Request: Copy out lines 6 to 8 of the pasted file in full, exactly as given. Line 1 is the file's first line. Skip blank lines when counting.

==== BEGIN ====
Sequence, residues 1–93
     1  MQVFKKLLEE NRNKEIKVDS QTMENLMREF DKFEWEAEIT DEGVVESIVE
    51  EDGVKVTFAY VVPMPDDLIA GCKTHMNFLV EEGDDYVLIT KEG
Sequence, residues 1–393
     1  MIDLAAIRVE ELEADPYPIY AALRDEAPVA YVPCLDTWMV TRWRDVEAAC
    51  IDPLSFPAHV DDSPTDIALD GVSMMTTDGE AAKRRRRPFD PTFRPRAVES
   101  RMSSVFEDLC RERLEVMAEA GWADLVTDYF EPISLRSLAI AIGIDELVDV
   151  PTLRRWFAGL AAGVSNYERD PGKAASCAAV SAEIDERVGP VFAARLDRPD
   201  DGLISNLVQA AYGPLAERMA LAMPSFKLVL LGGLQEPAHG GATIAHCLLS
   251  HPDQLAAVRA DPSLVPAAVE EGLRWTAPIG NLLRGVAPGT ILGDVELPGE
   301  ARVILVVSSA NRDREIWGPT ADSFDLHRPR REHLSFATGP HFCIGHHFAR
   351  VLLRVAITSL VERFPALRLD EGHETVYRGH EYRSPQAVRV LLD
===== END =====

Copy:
    51  IDPLSFPAHV DDSPTDIALD GVSMMTTDGE AAKRRRRPFD PTFRPRAVES
   101  RMSSVFEDLC RERLEVMAEA GWADLVTDYF EPISLRSLAI AIGIDELVDV
   151  PTLRRWFAGL AAGVSNYERD PGKAASCAAV SAEIDERVGP VFAARLDRPD